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Publication Detail
Mortality benefit of building adaptations to protect care home residents against heat risks in the context of uncertainty over loss of life expectancy from heat
  • Publication Type:
    Journal article
  • Publication Sub Type:
  • Authors:
    Ibbetson A, Milojevic A, Mavrogianni A, Oikonomou E, Jain N, Tsoulou I, Petrou G, Gupta R, Davies M, Wilkinson P
  • Publication date:
  • Journal:
    Climate Risk Management
  • Volume:
  • Status:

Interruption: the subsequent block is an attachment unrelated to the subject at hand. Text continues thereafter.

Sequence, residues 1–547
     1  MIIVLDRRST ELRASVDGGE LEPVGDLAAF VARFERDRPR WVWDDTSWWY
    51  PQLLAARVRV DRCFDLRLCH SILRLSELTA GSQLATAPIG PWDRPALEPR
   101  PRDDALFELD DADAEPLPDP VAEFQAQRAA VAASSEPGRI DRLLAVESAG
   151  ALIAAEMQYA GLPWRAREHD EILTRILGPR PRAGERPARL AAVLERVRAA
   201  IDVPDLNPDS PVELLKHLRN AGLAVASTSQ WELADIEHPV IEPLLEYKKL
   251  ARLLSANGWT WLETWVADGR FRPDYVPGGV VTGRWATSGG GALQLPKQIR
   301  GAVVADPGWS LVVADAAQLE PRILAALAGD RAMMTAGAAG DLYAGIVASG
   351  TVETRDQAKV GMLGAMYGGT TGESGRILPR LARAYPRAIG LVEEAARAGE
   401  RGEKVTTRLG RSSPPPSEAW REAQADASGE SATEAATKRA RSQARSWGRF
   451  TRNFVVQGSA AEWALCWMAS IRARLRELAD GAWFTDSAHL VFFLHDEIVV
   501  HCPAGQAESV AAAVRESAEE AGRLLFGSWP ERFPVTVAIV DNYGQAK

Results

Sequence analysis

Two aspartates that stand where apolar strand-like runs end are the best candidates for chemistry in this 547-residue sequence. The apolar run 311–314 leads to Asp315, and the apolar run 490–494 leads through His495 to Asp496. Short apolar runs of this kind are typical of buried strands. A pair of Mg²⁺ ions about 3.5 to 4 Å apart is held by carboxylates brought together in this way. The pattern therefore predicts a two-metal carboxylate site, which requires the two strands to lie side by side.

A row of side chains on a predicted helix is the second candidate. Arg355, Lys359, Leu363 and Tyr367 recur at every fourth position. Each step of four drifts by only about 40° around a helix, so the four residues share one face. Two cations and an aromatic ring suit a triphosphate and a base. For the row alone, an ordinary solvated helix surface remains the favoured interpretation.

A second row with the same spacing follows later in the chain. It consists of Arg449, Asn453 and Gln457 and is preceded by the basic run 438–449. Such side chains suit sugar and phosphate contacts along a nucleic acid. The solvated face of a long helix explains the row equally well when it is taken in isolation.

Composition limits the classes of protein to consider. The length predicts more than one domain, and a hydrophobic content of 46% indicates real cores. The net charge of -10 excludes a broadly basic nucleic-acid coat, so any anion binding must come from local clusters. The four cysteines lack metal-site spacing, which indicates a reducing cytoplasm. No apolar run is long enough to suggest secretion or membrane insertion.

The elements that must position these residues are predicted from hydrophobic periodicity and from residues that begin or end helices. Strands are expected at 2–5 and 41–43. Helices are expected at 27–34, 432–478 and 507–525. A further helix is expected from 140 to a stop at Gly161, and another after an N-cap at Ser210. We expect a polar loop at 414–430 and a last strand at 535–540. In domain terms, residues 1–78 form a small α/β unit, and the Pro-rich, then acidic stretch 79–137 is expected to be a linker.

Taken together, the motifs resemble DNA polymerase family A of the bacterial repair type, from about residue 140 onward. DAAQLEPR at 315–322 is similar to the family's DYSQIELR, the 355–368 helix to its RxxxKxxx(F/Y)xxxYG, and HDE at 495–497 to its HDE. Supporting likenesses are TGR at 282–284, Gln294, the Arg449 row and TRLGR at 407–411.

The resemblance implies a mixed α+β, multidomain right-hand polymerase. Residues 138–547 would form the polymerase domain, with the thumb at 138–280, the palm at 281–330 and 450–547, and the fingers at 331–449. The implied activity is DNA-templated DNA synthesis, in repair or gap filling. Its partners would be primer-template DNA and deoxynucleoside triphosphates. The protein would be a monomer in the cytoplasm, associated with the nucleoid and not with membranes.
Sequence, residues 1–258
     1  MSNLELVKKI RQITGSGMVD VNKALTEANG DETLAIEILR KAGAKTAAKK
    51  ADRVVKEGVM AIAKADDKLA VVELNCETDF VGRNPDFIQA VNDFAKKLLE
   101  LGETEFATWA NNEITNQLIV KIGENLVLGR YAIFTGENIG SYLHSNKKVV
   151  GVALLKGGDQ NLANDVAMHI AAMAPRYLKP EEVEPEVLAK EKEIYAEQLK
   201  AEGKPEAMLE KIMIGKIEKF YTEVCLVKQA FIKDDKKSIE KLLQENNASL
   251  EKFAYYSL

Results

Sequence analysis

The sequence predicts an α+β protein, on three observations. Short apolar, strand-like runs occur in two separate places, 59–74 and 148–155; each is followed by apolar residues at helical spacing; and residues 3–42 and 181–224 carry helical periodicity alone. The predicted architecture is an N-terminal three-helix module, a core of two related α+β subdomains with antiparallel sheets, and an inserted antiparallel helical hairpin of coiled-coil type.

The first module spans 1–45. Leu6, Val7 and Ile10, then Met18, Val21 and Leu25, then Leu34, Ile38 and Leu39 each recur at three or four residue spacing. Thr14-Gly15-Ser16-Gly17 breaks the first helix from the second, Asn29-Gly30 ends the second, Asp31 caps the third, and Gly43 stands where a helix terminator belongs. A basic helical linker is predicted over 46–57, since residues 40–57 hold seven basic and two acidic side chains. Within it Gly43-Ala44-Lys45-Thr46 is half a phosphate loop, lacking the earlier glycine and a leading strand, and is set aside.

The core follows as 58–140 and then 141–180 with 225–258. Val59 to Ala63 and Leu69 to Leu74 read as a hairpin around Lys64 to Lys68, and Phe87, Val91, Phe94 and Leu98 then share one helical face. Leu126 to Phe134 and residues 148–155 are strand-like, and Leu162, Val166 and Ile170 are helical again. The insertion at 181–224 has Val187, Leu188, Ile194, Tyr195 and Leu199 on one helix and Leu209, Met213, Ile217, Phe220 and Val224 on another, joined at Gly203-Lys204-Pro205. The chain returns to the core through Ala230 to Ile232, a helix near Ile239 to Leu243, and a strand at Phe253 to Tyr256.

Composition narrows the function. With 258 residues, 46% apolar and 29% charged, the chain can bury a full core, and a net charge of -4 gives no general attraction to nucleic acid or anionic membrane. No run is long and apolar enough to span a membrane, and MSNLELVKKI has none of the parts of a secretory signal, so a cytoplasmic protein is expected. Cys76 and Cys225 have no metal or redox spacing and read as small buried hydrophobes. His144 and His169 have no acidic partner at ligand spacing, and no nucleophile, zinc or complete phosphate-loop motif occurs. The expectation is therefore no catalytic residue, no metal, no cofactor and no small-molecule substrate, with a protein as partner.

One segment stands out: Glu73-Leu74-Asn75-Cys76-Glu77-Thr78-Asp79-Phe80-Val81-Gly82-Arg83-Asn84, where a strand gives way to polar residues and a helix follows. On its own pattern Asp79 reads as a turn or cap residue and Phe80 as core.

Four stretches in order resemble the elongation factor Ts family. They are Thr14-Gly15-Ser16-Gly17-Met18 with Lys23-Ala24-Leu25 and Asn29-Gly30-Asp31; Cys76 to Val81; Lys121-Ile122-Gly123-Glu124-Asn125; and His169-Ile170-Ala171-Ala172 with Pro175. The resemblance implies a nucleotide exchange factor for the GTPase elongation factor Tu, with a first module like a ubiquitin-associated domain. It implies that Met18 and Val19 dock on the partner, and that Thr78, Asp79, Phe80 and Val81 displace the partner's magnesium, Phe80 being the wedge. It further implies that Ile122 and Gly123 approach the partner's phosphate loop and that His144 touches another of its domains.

We explore methodological issues core to the cost-benefit evaluation of building adaptations designed to protect against heat risks to residents of care homes in England in the context of the uncertainties relating to the loss of life expectancy in heat death. We used building physics modelling to quantify the impact of external window shading on indoor temperatures. We calculated associated heat mortality and loss of life expectancy under three sets of assumptions of life-shortening based on: (Method 1) an England & Wales (E&W) life-table, (Method 2) E&W life-table scaled to match observed average survival of care home residents and (Method 3) assuming that those dying of heat have a life expectancy of six months. External window shading was estimated to reduce mean indoor temperatures by 0.9 °C in a ‘warm’ summer and 0.6 °C in an ‘average’ summer. In a care home of 50 residents, the heat deaths and years of life lost (YLL) averted by such shading were estimated by the three life-expectancy assumptions (Methods 1, 2, 3) to be: 0.07, 0.47 and 0.28 heat deaths and 0.29, 0.76 and 0.14 YLL for the warm year and 0.05, 0.31 and 0.19 heat deaths and 0.20, 0.51 and 0.10 YLL for the average year. Over a 20-year time horizon and assuming an annual discount rate of 3.5%, the monetized benefit of reduced YLL would be around £90,000, £230,000 and £44,000 with the three life-expectancy assumptions. Although this range represents appreciable uncertainty, it appears that modest cost adaptations to heat risk may be justified in conventional cost-benefit terms even under conservative assumptions about life expectancy.
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